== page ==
As for the cooking mentors, well the easy ones are my mom and my aunt, who I spent a large part of my early years in the kitchen with. As far as being inspired by cooks, Alice Waters and Jean-Louis Palladin are at the top. And there is really an endless list of others. The opportunity to evolve still presents itself daily, so my inspiration today could be from doctors working tirelessly to cure this world of cancer, and architects that look to build roofs over our heads that will last generations.
PQ: Now that you’ve written your first book, and it’s far more than a pizza book, can you explain what you hoped to convey in it and, also, if you see the possibility of writing more books in the future? Are there still things you want to say? And, also, why do you think your work, or message, has had such emotional resonance with folks, even beyond the world of pizza?
Chris: Excellent question. As you well know it took me many years to realize people would want to read what I had to say. I got to a point of self-confidence that how to explain making pizza actually had so little to do with making pizza. So the book itself gives a basic understanding of that process. It is my first book and it was an opportunity to write about pizza, pasta and other food I like. So the book was a chance for me share some recipes that I hold important — some family recipes and some principles of how make a salad or how I revere my mother’s meatballs.
Home sweet home
When I get old recipes, the thought that my house can smell like your house and my grandma’s house, well that sense of time in our lives and a bit of aromatherapy as a reference personally fascinates me. I thought there would maybe a few people that might dig that too.
Also, I have hundreds of cookbooks that inspire me. I love that they are tactile and my own personal mosaic of ideas. I thought if my book could be a raindrop in that ocean, of coloring that scene, that they might see pizza as a great bread, only flattened and put in harmony and balance with other great ingredients.
A pane’ Bianco….
PQ: Where do you see yourself in, say, 5 years from now? Or 10? I guess this is more like a legacy question—what do you see as your most lasting or important impact on others, in either the pizza world or the world at large?
Chris: That would assume that I have an actual plan. Pretty much my life has been responding to the situation presented. In 5 years, well, my hope will be to spend as much time with family. I hope put my life in the same balance that I’ve that I worked so hard to put in food. I urge other young chefs every day — do as I say not as I did. Putting life in balance is something I can’t stress enough, the importance of that.
“That would assume I have an actual plan….”
Whether it’s today or next week or in 10 years, I hope I am doing things that matter.
PQ: Bringing things closer to present times, what are some of the immediate projects you’ll be working on and with whom will you be working? You seem like a natural collaborator when you find kindred spirits to create with. I’m thinking of the Tartine Manufactory project in LA, for instance, with Chad Robertson. Anything else on your to-do list along this line?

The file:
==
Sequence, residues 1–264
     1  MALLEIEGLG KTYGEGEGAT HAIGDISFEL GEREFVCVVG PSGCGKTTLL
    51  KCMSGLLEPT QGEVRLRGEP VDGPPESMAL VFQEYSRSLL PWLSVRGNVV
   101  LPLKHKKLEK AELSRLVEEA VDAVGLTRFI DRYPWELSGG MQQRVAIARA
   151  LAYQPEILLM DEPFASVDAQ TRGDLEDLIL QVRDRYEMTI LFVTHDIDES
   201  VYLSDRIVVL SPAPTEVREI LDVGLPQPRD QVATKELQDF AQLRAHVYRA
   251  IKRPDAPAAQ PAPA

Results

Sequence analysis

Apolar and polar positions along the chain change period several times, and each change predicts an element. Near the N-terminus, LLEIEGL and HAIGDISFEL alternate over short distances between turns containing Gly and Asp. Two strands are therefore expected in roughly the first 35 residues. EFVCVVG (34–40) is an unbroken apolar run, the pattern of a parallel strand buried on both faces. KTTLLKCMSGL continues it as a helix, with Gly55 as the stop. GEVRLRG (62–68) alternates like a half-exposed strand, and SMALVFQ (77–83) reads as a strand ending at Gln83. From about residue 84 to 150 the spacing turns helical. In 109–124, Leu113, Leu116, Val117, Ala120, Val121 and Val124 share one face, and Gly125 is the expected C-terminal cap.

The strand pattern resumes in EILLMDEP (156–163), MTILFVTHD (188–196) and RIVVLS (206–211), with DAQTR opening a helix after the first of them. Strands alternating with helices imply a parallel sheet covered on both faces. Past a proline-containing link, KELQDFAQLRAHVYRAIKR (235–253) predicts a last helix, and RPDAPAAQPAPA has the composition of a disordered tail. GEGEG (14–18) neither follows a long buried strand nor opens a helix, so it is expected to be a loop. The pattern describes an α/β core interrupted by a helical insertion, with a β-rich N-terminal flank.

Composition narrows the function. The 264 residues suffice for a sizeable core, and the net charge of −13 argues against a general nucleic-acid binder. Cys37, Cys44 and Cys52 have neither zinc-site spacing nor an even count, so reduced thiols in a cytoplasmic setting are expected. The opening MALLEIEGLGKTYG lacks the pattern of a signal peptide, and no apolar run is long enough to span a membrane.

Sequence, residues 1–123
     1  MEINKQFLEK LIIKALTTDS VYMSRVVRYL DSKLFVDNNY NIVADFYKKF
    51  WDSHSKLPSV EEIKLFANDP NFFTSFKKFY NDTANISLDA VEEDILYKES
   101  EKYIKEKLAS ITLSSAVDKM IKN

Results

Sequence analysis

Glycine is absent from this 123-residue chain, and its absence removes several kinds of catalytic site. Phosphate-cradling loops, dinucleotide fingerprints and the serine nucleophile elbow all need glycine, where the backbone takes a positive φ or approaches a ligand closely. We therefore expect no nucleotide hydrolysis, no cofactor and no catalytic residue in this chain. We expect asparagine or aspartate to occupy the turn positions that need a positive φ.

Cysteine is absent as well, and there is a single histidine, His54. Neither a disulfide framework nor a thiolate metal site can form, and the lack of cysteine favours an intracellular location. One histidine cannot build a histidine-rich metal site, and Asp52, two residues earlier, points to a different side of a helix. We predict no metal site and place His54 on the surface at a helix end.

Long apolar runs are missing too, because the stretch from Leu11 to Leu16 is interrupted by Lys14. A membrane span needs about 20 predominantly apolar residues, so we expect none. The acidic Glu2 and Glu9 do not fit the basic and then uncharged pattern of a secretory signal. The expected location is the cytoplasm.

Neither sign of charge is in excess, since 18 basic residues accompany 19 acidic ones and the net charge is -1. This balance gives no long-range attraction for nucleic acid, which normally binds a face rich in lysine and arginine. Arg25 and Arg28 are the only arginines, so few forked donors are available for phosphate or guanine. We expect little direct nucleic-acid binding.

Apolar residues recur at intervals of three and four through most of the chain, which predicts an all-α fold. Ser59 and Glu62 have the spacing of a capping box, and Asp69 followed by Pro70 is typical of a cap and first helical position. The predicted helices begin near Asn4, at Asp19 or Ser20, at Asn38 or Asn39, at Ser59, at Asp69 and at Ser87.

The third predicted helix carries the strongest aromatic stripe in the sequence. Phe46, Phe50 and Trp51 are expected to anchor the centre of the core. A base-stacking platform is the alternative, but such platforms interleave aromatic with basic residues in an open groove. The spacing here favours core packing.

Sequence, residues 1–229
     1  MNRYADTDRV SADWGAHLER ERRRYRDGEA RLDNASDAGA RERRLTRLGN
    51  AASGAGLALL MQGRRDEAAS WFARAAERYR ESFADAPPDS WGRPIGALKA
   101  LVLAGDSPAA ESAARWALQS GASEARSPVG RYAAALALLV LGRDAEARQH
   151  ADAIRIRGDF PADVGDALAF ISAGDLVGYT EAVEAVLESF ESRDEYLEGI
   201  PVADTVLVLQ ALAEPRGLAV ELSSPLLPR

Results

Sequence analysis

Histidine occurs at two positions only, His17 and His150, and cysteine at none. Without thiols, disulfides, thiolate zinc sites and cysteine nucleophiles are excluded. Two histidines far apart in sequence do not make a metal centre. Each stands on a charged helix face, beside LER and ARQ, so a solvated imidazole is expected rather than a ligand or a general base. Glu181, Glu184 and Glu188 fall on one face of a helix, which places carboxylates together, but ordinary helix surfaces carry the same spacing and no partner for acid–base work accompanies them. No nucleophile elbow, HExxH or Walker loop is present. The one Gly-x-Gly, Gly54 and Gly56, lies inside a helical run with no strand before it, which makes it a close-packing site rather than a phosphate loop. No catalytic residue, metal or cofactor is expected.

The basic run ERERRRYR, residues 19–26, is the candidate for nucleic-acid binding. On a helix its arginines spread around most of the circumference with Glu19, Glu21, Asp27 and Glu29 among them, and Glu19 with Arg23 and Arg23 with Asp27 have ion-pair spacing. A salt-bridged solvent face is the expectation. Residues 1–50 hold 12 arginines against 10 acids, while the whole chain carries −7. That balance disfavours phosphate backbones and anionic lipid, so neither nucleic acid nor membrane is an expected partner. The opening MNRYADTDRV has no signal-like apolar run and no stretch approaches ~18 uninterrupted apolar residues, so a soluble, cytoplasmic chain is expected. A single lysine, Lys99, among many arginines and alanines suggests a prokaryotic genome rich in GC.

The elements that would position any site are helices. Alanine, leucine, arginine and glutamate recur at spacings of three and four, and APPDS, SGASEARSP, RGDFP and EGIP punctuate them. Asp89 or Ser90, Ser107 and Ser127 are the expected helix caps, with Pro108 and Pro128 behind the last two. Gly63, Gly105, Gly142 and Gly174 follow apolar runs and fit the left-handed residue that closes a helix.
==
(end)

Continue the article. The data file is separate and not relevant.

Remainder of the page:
Chris: Man this will be a big chapter. We are working on so many things internally to make our current restaurants better. From new milling techniques to grain varieties and farming practices, I work with our farmers and millers trying to go deeper into what makes good food good. Looking at anything I jump into whether it be music or food; is it only a good guitar that makes the song good or is it the practice and intention someone puts into it.
With Chad (Robertson of Tartine), in downtown Los Angeles, we are delving into some deep and exciting stuff – milling grains, pressing olive oil, and other sourcing of ingredients.
Of course, our tomato company, Bianco DiNapoli, is something that, along with my partners Rob DiNapoli and Scott Park, we are continuing to share with people. These are tomatoes that I am extremely proud of as they come from such good earth.
I’ve learned so much more about tomatoes that, before, I only thought I knew something about. I did know what tasted good and where they came from, but I’m still fascinated by how we can affect them deeply through crop rotation, dry farming and the packing process. What I’ve found in the last 10 years is that something that tastes good and is nutritionally at its highest level, due to proper farming practices without compromise, allows us to receive food that is not only red and ripe, but with a rooting system that finds all the nutrients that mother nature intended.
PQ: Speaking of rooting, you know how much we are all rooting for you. Thanks so much, Chris, for all you’ve done, especially for setting a new bar of excellence that has inspired so many others. I can’t wait to see what else you will accomplish over the coming years.
Chris: Thanks Peter, anytime.
The book — now, let the next chapter begin….